So tell us, how do you then get from this inspiration or initial idea to your final result?

Usually I’ll sketch up an image on paper, with little to no detail. Once i’m happy with the general layout and composition of the artwork I will begin to add detail in pencil. It hits a certain point where I just switch to pens, inking in my line work first, followed by line work shading / cross hatching and at the end I fill in the voids with a marker. When that is finished I scan the artwork into Photoshop and using the contrast and brightness tool I
solidify my blacks and add in back ground details (such as the moon and stars) as it contrasts the foreground better and appears cleaner. In Photoshop I will also remove any blemishes or smudges that are visible. Giving the final artwork a rather crisp, clean feeling.

5. What’re you currently working on that excites you?
I am currently working on a few projects but I am very excited to be working on an artwork for a Australian band called Amber Architect.  The artwork is something completely out of my element and composition wise is very different from alot of my other pieces as well.

That sounds really cool, so then  what does the future hold for you and your art?

All I can hope for with my art is to grow, to progress in both dedication and skill to the craft. I love what I do but I’m always trying to improve my style and try out new mediums and such. If I could do this for the rest of my life, I will be a very happy man.

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Matt truly is a skilled artist, that cant be disputed. If you want to check out his large body of work take a look at his Instagram @m_r92

You wont be disappointed! We cant wait to order one of his prints and get it up on the wall!

Black and white beauty

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Today we introduce you to the incredible work of Colombian artist and illustrator, Alejandro García. Working exclusively in black and white he creates beautiful images often fusing natural aspects with human forms to create human avian hybrids. Additionally, his pieces are always thought provoking and have an element of shock and macabre to them.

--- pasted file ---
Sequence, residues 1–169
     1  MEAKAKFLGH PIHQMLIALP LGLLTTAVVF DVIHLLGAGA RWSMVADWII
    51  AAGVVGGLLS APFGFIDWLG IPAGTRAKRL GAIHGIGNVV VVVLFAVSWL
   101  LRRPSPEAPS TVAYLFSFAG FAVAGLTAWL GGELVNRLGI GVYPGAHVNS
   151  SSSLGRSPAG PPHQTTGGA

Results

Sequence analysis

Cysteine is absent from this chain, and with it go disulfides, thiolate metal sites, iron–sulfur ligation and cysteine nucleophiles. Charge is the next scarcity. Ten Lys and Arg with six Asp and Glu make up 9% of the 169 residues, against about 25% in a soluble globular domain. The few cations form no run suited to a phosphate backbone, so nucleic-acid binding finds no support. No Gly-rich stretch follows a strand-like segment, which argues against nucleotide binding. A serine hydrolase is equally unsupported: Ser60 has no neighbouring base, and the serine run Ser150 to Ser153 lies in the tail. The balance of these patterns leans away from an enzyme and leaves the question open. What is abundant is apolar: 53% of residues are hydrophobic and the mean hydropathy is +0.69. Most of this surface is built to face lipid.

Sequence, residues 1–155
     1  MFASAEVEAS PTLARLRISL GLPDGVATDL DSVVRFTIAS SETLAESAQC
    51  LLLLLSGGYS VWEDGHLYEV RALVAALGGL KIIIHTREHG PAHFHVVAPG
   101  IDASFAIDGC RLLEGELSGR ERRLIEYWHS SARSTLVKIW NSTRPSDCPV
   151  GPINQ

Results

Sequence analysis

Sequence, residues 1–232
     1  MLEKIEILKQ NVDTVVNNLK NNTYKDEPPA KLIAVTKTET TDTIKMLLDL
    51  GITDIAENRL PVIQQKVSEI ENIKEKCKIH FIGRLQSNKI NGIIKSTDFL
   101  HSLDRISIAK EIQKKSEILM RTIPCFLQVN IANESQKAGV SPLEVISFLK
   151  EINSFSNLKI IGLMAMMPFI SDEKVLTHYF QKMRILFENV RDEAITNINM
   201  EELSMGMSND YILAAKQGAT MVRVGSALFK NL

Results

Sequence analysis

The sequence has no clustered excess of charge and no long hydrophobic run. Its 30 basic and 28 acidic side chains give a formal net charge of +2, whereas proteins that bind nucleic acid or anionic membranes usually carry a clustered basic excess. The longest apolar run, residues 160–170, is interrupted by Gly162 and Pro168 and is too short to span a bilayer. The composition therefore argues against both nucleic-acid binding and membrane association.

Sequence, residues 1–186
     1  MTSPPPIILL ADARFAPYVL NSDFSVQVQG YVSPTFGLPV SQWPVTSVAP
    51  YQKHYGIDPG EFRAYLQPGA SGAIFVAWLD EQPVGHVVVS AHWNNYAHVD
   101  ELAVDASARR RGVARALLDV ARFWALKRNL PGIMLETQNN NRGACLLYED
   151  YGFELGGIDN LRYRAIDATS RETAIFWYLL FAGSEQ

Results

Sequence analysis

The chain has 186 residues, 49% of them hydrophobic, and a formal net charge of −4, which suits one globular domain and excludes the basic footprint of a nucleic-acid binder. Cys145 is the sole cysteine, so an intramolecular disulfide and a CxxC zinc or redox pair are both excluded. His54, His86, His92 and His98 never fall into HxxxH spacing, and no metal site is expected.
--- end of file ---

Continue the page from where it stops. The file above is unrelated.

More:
Unfortunately, we don’t know a whole lot about Alejandro or his incredible work however, we will let you be the judge as it truly does speak for itself…

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Barbie is back, Bitch!

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Barbie has in itself become an iconic image ever since she first launched in the 1959. 1990 in fact, saw the release of the best selling barbie doll. She was created with her signature cascading long platinum blonde hair, white skin, long slender legs and of course that teeny tiny vanishing waist that has since become synonymous with the doll brand.

However, jump forward 16 years and Barbie’s best selling doll is very different.  2016 saw the release of the popular fashionista doll which was not only was Latina, but with a much curvier figure and was brunette, as supposed to the white blonde legacy that had preceded her. However, as successful as her sales were she was a one off doll with a limited release.

In spite of this, over the past 2 years sales at Mattel (the manufacturers of Barbie) have been declining, with consumers pushing for diversity within the range, moving away from the stereotypical image that has since become the brands identity.

Vice President Lisa Mcknght established that ‘the brand was losing relevance’ and had to ‘change the conversation’ to keep with with the customers changing viewpoints. Subsequently, they revamped the fashionista line to include a range of skin tones, hair colours and introduced ‘flat feet’ instead of the constantly contorted feet which allowed barbie to always wear high heeled shoes. This change of brand worked, as 2016 became the first in several years that the sales of Barbie did not suffer a decline.

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Mattel had since made a very conscious effort to change its image and is contributing to do so. 2017 will see the release of a bigger range including a tall African American doll with an Afro, as well as a red headed petite girl and a blue haired doll. Additionally their will be 10 skin tones, 4 body types and 15 various hairstyles to ensure their dolls diversity reflects that of women in real life.